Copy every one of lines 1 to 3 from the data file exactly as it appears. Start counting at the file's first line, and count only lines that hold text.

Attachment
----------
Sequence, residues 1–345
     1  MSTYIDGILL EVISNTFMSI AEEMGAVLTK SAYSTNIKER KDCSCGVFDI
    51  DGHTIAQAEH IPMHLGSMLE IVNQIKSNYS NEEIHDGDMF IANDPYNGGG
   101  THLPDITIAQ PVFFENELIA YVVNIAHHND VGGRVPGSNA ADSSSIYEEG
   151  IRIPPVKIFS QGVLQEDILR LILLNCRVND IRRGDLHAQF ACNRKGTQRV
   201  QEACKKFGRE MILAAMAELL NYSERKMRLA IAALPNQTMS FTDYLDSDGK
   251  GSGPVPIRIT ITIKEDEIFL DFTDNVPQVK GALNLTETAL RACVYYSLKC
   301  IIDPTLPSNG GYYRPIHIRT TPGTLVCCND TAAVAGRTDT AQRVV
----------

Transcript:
Sequence, residues 1–345
     1  MSTYIDGILL EVISNTFMSI AEEMGAVLTK SAYSTNIKER KDCSCGVFDI
    51  DGHTIAQAEH IPMHLGSMLE IVNQIKSNYS NEEIHDGDMF IANDPYNGGG